According to research firm Gartner, worldwide PC shipments totaled 82.6 million units in the fourth quarter of 2013, a 6.9% decline from the fourth quarter of 2012. This is the seventh consecutive quarter of shipment decline. More importantly, while PC sales shrink, tablet sales continue to grow.

"Although PC shipments continued to decline in the worldwide market in the fourth quarter, we increasingly believe markets, such as the U.S., have bottomed out as the adjustment to the installed base slows," said Mikako Kitagawa, principal analyst at Gartner. "Strong growth in tablets continued to negatively impact PC growth in emerging markets. In emerging markets, the first connected device for consumers is most likely a smartphone, and their first computing device is a tablet. As a result, the adoption of PCs in emerging markets will be slower as consumers skip PCs for tablets."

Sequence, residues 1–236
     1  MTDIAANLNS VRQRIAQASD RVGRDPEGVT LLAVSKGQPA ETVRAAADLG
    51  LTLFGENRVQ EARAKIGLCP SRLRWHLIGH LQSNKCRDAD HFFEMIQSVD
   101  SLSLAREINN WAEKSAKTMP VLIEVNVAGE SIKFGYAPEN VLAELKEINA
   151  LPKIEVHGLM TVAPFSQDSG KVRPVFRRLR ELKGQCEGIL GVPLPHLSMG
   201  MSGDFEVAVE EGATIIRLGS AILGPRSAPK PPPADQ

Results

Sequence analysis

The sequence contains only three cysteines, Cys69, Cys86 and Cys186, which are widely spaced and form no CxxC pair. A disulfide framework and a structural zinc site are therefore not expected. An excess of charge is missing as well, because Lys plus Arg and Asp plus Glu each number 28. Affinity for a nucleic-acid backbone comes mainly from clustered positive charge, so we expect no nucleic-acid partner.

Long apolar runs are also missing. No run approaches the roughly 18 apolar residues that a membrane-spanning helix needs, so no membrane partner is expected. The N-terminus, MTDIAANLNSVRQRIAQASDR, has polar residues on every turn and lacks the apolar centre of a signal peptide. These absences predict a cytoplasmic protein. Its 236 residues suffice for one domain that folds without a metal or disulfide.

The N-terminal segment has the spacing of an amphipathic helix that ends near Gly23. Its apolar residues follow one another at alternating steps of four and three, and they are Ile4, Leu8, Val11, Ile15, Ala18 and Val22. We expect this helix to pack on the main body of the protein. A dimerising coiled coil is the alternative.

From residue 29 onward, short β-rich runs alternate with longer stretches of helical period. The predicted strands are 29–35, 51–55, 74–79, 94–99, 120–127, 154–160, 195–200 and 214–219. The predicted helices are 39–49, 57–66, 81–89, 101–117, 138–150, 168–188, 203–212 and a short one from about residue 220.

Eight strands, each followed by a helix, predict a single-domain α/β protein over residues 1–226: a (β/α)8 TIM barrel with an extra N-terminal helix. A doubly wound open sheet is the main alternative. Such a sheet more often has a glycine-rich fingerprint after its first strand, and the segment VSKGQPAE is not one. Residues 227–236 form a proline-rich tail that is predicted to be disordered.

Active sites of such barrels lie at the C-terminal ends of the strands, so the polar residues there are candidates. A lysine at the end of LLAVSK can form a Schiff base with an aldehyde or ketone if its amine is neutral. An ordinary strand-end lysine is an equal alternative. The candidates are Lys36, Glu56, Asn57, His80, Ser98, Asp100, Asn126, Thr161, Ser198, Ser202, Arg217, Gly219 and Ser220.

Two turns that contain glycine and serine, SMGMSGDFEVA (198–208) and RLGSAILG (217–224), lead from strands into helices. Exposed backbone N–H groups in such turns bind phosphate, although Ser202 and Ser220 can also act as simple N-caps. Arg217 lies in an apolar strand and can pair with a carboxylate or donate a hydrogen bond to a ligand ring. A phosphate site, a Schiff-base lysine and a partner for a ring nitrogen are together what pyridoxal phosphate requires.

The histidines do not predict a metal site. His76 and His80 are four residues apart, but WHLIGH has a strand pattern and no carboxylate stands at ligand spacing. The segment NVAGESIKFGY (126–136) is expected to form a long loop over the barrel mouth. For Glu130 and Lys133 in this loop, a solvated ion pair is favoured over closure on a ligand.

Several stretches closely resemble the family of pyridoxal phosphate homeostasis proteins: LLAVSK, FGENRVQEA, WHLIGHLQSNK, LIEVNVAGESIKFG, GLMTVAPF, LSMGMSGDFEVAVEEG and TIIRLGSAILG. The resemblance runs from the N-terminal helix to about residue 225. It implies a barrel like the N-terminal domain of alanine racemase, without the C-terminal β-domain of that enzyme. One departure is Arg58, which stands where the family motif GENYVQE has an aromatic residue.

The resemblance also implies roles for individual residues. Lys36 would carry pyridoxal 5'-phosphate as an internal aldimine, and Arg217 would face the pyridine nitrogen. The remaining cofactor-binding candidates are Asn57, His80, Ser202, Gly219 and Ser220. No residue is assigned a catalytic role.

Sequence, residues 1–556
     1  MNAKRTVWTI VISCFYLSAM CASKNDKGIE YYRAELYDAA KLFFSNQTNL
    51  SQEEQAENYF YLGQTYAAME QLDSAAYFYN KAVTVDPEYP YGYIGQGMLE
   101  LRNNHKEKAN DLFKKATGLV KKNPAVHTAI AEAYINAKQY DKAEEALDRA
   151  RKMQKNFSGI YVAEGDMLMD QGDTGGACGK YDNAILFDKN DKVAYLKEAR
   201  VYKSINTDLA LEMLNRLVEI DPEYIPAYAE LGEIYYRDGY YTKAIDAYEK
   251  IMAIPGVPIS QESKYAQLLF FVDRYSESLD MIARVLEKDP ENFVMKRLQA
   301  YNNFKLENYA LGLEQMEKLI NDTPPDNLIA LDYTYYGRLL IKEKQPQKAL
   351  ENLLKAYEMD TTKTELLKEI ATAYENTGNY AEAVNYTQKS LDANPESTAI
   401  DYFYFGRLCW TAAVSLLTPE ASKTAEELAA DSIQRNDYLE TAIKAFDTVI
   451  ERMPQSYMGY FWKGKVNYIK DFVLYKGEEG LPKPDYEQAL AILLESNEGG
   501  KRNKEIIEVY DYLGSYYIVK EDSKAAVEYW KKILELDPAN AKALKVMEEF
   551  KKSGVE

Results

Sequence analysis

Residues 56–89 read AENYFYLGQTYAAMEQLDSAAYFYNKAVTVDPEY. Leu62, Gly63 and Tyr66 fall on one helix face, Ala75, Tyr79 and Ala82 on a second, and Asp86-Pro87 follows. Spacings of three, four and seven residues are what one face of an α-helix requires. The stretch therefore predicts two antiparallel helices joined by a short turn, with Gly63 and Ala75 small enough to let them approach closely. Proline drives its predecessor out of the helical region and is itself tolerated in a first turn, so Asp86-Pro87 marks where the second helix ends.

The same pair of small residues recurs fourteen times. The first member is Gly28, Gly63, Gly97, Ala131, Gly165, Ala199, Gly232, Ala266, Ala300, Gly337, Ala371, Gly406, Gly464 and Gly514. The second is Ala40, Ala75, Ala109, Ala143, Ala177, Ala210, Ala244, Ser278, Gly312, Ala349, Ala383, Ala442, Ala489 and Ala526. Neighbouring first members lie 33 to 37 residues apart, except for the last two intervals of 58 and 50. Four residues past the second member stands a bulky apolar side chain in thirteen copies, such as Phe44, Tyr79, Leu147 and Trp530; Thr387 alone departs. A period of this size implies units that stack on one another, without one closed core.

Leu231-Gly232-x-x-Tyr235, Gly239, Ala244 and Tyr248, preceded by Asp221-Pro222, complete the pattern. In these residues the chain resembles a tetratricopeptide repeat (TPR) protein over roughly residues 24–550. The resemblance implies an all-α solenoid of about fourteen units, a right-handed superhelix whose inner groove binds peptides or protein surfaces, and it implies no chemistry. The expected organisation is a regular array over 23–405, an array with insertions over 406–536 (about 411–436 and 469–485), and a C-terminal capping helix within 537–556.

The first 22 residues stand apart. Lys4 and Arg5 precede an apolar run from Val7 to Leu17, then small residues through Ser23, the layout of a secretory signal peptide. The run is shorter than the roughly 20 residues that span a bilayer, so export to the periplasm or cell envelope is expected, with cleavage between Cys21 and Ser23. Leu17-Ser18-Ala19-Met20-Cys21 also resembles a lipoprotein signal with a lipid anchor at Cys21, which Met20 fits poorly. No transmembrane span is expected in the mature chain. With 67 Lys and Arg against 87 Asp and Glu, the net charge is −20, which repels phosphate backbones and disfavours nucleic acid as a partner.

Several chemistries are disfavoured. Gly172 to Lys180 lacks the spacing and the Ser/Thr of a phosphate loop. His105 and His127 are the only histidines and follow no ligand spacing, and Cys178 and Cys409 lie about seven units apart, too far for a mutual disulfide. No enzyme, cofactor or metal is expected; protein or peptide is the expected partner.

So, while Ballmer might not have handled the Windows 8 launch perfectly, had he not developed the product and simply stuck to slowly evolving Windows, Microsoft would be left without an answer for the exploding mobile and tablet markets.

Can it work?

Microsoft has around $84 billion in cash and marketable securities, so the company can afford to play a long game. Windows 8 numbers have been creeping up (albeit slowly) for PCs and the Surface tablet jumped from .4% market share in the United States and Canada in December 2012 to 2.3% in December 2013. Windows 8 Phone, which had been steadily climbing, dipped from 3.3% market share in September 2013 to 3.1%, according to Comscore, which is a troubling development for Nadella.